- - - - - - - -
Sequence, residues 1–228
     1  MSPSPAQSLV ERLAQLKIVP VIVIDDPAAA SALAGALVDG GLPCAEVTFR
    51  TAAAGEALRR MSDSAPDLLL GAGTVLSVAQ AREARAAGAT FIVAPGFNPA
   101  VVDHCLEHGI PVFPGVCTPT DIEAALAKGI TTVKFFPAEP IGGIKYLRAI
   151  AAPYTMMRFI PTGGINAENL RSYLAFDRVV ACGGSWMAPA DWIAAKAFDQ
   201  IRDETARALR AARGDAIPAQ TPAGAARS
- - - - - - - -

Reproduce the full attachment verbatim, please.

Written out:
Sequence, residues 1–228
     1  MSPSPAQSLV ERLAQLKIVP VIVIDDPAAA SALAGALVDG GLPCAEVTFR
    51  TAAAGEALRR MSDSAPDLLL GAGTVLSVAQ AREARAAGAT FIVAPGFNPA
   101  VVDHCLEHGI PVFPGVCTPT DIEAALAKGI TTVKFFPAEP IGGIKYLRAI
   151  AAPYTMMRFI PTGGINAENL RSYLAFDRVV ACGGSWMAPA DWIAAKAFDQ
   201  IRDETARALR AARGDAIPAQ TPAGAARS